As an urban parish of the Episcopal Diocese of Connecticut, Christ Church draws worshipers from our immediate neighborhood, in downtown New Haven, along with many others who come from nearby towns or further afield.  Our proximity to Yale University ensures that there are always a number of students and scholars among us (including seminarians and others from the Berkeley Divinity School, the Episcopal seminary affiliated with the Yale Divinity School.) Yet our parishioners are of all ages, and all walks of life.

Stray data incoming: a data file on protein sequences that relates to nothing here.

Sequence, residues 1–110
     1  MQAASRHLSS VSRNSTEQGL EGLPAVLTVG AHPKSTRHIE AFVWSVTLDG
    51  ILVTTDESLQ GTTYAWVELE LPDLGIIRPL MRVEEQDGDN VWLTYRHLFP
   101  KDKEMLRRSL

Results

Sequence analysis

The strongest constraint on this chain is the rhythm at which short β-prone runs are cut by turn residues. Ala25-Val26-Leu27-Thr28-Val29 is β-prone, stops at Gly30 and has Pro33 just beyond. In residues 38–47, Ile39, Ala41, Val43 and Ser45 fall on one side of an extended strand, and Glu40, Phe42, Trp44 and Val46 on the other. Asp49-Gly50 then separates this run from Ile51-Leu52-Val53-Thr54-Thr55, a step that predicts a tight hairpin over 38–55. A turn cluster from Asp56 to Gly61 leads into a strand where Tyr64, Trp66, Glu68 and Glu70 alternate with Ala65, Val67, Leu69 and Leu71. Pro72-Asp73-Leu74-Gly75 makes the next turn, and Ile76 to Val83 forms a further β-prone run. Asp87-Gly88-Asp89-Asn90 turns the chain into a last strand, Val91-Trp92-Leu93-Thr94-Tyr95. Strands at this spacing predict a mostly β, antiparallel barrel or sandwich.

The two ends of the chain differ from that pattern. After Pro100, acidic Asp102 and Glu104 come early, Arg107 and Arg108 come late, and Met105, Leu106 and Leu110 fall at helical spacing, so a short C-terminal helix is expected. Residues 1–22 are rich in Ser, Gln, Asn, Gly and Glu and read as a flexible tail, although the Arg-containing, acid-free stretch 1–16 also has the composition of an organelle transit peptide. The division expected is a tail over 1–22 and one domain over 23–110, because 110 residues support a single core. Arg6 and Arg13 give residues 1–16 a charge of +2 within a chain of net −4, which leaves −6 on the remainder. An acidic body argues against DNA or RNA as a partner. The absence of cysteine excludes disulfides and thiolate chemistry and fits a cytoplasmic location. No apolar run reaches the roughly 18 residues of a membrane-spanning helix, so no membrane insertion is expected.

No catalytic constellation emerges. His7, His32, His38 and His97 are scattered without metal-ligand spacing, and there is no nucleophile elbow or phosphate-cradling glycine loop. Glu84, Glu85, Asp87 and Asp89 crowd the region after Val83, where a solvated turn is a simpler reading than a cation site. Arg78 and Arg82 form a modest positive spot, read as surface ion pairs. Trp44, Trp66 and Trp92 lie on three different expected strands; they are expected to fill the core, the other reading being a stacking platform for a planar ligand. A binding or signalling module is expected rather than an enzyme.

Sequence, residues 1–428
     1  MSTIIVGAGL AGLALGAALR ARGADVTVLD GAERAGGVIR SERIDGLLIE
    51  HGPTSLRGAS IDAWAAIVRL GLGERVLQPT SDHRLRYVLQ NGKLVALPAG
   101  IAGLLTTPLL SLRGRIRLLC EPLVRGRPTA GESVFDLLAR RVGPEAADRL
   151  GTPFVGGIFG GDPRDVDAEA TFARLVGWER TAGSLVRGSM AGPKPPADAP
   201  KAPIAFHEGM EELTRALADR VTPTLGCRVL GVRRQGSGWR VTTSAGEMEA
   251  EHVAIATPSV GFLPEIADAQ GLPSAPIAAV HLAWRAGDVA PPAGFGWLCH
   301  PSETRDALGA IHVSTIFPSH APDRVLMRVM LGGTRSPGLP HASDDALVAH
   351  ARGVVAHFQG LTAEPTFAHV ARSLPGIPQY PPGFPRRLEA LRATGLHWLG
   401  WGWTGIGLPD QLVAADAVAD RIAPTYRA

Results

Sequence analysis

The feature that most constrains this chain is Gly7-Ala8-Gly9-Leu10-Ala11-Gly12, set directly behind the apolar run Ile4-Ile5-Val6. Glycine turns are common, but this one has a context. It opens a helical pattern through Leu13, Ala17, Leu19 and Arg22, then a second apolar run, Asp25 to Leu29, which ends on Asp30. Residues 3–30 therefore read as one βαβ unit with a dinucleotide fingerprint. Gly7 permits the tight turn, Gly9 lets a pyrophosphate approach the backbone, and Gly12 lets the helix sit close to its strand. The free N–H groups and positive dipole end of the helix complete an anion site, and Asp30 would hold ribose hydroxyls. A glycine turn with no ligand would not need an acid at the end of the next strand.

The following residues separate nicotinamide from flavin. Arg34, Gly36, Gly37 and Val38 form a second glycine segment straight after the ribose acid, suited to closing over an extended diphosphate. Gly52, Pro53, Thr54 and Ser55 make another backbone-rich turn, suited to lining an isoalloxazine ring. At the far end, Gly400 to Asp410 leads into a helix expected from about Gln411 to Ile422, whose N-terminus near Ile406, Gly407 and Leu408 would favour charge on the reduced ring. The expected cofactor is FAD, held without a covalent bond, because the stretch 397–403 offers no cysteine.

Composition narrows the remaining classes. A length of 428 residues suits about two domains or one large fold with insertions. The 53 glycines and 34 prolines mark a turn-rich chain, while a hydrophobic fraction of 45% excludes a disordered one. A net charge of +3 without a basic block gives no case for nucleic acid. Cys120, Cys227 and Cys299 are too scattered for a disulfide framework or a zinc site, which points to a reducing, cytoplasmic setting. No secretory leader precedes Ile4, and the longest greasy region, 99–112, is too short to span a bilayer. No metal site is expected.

Everyone who passes through our doors is welcome here. You do not have to be a member of the Episcopal Church, or any church at all. All are invited to come forward to the Altar to receive a blessing during Holy Communion, and all baptized Christians are invited to receive the Sacrament. The clergy is always glad to talk with anyone who would like to become baptized, or to explore Christian faith at any level.